At the end of the preschool day, try to give the parent time to greet their child and connect with them before going over any housekeeping points. If possible, use a daily diary or online system such as the ‘Daily Records’ function of TeachKloud, to record basic information about feeding, sleeping and other important information such as if the child was given medication. Regardless of what method you use, sharing this type of information will enable parents to breathe a sigh of relief. They will feel glad that they’ve trusted you to care for their little one. Parents want to know that their child is happy, safe, having fun and learning while they’re separated, keeping in contact with parents can show them just how much you care about their child. If you need to report an accident or an incident, sandwiching it between good news and achievements ensures that parents don’t leave with just the negative on their mind. Additionally, ensuring that everything is documented is important and most parents will want some kind of explanation as to what proceeded the incident, what actually happened and how it was dealt with. Having this information, and reporting it to parents alongside the more positive aspects of the day will reassure them that although something not so great has happened it has been dealt with professionally and has not ruined their child’s day. It’s easy to share these on apps like TeachKloud or create an accident and emergency form that captures relevant information such as what happened, who was involved and any injuries.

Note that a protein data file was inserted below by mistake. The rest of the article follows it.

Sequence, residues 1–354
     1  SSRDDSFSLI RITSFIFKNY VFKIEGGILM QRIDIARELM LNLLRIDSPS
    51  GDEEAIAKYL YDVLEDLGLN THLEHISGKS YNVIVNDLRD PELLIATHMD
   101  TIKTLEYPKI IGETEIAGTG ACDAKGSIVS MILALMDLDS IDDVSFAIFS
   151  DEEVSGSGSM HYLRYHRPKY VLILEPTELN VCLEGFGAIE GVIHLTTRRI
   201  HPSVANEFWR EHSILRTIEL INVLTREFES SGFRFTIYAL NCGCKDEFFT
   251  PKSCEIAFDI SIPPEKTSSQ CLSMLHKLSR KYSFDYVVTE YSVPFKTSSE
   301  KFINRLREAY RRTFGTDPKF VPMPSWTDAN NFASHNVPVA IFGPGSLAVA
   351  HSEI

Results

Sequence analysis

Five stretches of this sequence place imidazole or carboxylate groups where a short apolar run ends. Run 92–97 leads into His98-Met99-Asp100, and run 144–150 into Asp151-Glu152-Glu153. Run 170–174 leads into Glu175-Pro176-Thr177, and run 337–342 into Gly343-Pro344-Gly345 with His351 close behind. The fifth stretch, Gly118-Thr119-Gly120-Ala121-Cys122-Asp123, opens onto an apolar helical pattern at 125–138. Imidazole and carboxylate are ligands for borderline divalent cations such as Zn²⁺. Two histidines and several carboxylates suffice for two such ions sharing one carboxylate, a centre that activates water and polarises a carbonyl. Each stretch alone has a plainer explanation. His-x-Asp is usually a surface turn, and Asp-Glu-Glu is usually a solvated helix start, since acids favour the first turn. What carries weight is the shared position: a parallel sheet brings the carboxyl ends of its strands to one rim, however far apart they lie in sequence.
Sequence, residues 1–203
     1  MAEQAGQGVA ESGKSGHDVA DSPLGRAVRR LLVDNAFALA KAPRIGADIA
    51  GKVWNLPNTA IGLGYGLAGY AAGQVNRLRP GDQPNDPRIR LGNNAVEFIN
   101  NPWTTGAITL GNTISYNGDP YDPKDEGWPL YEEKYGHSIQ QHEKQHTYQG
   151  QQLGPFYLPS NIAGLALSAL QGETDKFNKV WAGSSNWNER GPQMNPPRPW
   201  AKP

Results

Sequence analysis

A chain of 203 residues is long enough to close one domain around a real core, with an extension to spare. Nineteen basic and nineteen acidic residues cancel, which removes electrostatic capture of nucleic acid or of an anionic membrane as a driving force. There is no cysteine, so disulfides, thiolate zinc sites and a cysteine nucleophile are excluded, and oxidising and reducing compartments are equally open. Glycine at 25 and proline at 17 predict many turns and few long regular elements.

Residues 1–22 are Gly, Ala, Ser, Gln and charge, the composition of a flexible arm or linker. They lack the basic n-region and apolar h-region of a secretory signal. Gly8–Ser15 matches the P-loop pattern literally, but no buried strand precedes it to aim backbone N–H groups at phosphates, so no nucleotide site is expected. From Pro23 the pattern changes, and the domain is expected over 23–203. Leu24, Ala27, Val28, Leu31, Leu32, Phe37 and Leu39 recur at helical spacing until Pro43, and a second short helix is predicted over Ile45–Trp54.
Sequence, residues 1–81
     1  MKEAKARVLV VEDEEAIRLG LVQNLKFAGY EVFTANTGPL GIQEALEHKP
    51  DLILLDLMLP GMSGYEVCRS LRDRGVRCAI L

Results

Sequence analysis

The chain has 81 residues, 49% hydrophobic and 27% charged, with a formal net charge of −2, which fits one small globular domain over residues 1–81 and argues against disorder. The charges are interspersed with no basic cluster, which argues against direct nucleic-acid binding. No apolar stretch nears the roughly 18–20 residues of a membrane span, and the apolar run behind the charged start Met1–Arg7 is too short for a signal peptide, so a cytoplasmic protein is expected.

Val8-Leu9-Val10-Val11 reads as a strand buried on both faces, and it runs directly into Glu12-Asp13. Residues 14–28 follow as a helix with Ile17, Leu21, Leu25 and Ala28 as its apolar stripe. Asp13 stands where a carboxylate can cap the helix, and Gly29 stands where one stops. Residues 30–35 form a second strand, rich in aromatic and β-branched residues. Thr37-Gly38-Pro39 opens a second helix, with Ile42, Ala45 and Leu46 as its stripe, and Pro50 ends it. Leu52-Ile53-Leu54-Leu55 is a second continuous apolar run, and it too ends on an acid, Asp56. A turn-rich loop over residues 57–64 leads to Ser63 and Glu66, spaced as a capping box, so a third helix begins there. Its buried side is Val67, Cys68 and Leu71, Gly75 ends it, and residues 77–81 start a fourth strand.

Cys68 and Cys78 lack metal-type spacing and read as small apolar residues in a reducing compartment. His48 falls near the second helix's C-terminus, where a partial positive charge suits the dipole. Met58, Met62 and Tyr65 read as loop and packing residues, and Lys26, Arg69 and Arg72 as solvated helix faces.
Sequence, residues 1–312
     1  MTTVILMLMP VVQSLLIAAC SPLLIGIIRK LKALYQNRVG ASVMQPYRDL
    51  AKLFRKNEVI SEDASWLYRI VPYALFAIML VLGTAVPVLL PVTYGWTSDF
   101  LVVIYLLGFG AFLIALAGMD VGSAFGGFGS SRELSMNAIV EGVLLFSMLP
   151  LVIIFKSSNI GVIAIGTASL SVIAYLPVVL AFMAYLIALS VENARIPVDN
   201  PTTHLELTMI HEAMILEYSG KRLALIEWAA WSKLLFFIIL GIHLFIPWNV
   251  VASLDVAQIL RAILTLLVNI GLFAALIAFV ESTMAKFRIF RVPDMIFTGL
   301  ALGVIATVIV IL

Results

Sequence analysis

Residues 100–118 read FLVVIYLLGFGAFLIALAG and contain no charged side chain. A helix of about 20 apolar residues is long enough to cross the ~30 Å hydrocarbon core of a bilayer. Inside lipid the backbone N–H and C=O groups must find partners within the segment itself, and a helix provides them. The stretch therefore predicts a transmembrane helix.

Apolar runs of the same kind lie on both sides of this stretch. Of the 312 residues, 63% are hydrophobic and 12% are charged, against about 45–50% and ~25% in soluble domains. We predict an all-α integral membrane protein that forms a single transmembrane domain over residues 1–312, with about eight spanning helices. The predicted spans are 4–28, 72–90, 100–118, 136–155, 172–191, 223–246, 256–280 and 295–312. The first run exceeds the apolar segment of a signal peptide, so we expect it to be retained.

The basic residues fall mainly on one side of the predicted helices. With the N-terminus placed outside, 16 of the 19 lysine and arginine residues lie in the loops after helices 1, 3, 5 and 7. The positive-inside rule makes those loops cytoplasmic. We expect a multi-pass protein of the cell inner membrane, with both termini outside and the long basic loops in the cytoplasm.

There are a number of ways to encourage a deeper partnership between the setting and parents;
Using communication diaries has been part of childcare for years, traditionally, notebooks which would be passed between home and setting, and these are a great way to keep track of food, nappies, sleep times and the like and can also be used to exchange messages. Online systems such as TeachKloud also offer a modern approach to this, providing this information digitally and giving parents the option to write notes to the setting too.
The Learning Journey is an important document that should communicate to parents what their child has been doing, and learning, in the setting and record practitioners’ observations and assessments. This may be traditional paper scrapbooks or files, or again a digital format.
Notice boards and displays can be used to demonstrate the types of learning that children have engaged in and also keep parents up to date on upcoming special events. Using special events as an opportunity to build better links with parents is another good strategy. For example, you might host an afternoon tea for Grandparents day, a social day on a Saturday to incorporate working parents, offer a stay and play session or put on an Easter Bonnet parade. All of these are opportunities for parents to understand your role and build strong partnerships. Some settings have great success with parent forums which encourage groups of parents to discuss particular issues or suggest ways forward with challenges. This gives parents a chance to take some kind of ownership over choices within the setting and helps them to emotionally invest. Hopefully, some of these tips and ideas will resonate with you and your setting as you seek to build strong partnerships with parents, as these partnerships really do benefit the children in our care.